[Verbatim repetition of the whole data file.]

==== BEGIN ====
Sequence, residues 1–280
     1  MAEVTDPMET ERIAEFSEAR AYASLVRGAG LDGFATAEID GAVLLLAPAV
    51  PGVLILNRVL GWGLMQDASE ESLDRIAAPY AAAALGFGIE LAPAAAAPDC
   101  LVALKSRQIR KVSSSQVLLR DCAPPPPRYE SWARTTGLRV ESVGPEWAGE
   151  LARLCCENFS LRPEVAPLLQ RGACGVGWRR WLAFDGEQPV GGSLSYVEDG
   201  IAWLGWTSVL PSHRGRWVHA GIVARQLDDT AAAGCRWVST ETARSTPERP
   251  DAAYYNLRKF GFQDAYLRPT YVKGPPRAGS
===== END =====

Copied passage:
Sequence, residues 1–280
     1  MAEVTDPMET ERIAEFSEAR AYASLVRGAG LDGFATAEID GAVLLLAPAV
    51  PGVLILNRVL GWGLMQDASE ESLDRIAAPY AAAALGFGIE LAPAAAAPDC
   101  LVALKSRQIR KVSSSQVLLR DCAPPPPRYE SWARTTGLRV ESVGPEWAGE
   151  LARLCCENFS LRPEVAPLLQ RGACGVGWRR WLAFDGEQPV GGSLSYVEDG
   201  IAWLGWTSVL PSHRGRWVHA GIVARQLDDT AAAGCRWVST ETARSTPERP
   251  DAAYYNLRKF GFQDAYLRPT YVKGPPRAGS